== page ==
Monthly Archives: May 2009


Just a snippet here, but don’t cha just love the way the papers can spin data about the populations voting intentions. Saturday’s Guardian began the article connecting the expenses scandals with the coming election with:

More than a quarter plan to reject mainstream parties in European vote (Guardian)

And along with the desire for a general election now, they ‘reflect deep-seated public anger over the way politicians have played the allowances system’. Or do they?

I ask this because in January 2007, the same poll showed 76% of voters wanted a general election that year if Gordon Brown was to take over from Blair, 10% more than are now saying that they want a vote this year. And the finding that 27% of people plan to vote for a ‘minority party’, that is not the big three, is unsurprising when in the last European election in 2004, 35% of voters plumped for minority parties.

If I could get the academic equivalent of a front page splash with analysis like this, then I wouldn’t be needing to do real research.


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One rule for us…

Once again MPs’ expenses have been deemed a disgrace, scandalous and so on. The Archbishop of Canterbury has ‘warned that a “culture of abuse” had developed in Westminster, claiming MPs only had themselves to blame’ (Guardian). Today’s Guardian also had experts deciding whether MPs’ claims were ethical, as every MP accused of having their snout in the trough has pointed out that what they have been doing is legal.

Of course, one of the main issues that arises in MPs allowances is that of the ‘second home’*. The good thing about this is that it has an exact parallel in the rules for everyone else, in the law covering council tax.

It seems that the rules for distinguishing between the main home and second home are fairly lax for MPs. In the 2006 rulebook it said:

‘The location of your main home will normally be a matter of fact. If you have more than one home, your main home will normally be the one where you spend more nights than any other. If there is any doubt about which is your main home, please consult the Department of Finance and Administration.’ (Green Book 2006)

The ‘normally’ suggests individuals can swing it the other way, if they have a convincing case. The later version is even more lax:

Main home is the term used in the Green Book for the term “only or main residence” as used in the applicable Resolutions of the House and the relevant legal provisions. It is for a Member to determine where his or her main home is based on his or her circumstances. It must be in the UK. (Green Book 2009)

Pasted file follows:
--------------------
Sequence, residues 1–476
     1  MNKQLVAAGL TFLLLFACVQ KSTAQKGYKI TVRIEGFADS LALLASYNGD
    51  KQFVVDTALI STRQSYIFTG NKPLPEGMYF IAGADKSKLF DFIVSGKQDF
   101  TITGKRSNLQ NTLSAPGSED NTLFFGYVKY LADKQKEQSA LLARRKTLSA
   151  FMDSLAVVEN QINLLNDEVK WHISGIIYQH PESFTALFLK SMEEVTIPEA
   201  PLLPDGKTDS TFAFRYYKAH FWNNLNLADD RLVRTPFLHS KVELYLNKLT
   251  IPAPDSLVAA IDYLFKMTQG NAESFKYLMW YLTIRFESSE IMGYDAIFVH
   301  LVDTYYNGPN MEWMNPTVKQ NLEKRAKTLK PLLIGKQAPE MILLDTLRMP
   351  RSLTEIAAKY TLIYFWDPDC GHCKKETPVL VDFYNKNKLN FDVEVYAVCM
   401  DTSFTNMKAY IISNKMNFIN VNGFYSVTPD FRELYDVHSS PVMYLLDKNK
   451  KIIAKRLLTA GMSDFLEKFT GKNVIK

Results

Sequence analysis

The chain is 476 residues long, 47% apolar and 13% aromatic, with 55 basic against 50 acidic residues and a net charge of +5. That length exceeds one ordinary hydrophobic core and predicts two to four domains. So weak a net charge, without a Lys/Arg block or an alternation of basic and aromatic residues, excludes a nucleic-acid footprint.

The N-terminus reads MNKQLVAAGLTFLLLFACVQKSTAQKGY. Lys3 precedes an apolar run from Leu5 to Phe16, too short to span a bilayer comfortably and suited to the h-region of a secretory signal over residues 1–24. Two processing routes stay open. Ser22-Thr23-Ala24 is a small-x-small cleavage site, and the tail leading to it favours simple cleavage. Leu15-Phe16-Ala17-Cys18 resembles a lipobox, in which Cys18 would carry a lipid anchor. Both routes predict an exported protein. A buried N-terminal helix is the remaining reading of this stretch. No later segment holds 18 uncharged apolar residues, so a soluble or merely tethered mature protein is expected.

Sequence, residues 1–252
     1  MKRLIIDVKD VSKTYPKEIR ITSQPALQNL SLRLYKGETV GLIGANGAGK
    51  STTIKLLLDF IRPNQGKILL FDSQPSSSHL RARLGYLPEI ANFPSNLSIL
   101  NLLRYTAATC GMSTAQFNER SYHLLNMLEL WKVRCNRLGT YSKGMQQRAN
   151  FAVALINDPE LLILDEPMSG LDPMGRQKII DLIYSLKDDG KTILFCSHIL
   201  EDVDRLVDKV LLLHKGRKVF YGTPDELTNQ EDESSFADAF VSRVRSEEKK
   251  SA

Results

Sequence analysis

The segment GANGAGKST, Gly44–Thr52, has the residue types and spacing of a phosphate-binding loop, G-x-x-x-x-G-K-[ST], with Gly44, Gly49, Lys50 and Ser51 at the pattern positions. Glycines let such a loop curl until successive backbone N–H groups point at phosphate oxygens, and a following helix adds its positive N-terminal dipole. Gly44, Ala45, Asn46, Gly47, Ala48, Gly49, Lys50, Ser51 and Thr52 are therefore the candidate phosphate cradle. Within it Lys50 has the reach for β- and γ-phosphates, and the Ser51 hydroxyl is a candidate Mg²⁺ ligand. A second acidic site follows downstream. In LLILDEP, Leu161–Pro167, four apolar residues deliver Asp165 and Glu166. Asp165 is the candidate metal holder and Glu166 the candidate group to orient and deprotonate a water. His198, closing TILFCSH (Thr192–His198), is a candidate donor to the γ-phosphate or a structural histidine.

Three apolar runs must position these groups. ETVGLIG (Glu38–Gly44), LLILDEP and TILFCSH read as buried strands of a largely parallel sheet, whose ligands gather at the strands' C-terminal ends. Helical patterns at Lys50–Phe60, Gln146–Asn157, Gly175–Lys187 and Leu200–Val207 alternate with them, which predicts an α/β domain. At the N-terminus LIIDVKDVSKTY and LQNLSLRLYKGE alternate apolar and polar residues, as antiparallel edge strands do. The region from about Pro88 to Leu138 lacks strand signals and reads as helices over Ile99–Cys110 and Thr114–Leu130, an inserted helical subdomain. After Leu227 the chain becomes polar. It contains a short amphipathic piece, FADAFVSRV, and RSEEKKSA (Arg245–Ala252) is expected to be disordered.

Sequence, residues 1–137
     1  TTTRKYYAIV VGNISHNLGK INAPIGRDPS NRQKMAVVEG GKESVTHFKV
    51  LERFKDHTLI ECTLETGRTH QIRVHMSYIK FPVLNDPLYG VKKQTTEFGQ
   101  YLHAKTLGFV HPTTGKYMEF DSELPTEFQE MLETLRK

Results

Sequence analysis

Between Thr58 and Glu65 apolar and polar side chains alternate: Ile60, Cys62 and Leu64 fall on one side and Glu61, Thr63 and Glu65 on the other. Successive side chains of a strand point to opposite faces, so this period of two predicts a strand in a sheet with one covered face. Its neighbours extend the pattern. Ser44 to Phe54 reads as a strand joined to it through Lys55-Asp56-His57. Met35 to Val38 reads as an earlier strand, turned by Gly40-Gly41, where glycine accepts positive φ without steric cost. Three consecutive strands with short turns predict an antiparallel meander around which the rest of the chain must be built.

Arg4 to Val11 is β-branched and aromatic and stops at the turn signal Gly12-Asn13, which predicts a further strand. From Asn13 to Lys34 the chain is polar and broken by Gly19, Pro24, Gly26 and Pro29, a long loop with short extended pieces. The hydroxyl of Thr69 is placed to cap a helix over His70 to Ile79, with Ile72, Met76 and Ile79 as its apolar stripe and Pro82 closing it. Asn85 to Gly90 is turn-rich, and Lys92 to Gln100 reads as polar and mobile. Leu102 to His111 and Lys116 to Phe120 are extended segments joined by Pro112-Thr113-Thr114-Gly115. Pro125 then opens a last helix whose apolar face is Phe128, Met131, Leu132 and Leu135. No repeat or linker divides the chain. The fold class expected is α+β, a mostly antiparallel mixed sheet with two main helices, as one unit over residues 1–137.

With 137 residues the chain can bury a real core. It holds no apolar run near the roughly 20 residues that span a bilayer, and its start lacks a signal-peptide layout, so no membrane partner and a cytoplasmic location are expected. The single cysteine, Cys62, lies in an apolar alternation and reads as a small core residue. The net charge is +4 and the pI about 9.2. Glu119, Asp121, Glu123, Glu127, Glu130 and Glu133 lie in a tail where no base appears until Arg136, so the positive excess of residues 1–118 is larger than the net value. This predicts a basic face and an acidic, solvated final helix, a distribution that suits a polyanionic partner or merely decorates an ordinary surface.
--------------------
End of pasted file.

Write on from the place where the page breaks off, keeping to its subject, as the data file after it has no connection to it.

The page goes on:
A member can determine where his or her main home is!!! Now let’s look at the situation for the council tax, which almost all of us pay. For this, it’s up to the local authority to determine the ‘main home’.

We have to establish the facts as far as possible and make a decision. This may involve asking personal questions about your relationships and lifestyle and we are sorry if this offends you. Documentary evidence may also be asked for.

[Long absence for work]…the Courts have decided that in such situations the time spent away from your main residence is largely irrelevant and that your main residence is where you ‘intend to return’ & ‘where you would live if not for the demands of your work’. This is generally where your partner and children (if any) live.(Thurrock council)

This should actually be quite simple, but might need checking after the fact. If someone lives in London, continues to live in London while an MP for Stoke, and continues to live in London after being an MP, then the Stoke home is their second home. If someone lives in Leeds, becomes the MP for Leeds, and stays living in Leeds when they give up being an MP, then any London place is a second home. Of course, people might move their family in the meantime, changing the main home, and this would require documentary evidence. Perhaps this should be for the courts to decide in the event of a dispute, just as it is if people dispute their council tax. ‘This may involve asking personal questions about your relationships and lifestyle and we are sorry if this offends you.’ Surely if one makes the rules, one should abide by them.

*For now I’ll ignore the fact that MPs are claiming for food and other stuff that they’d have to buy whether or not they were working. Something that isn’t allowed in any other job.

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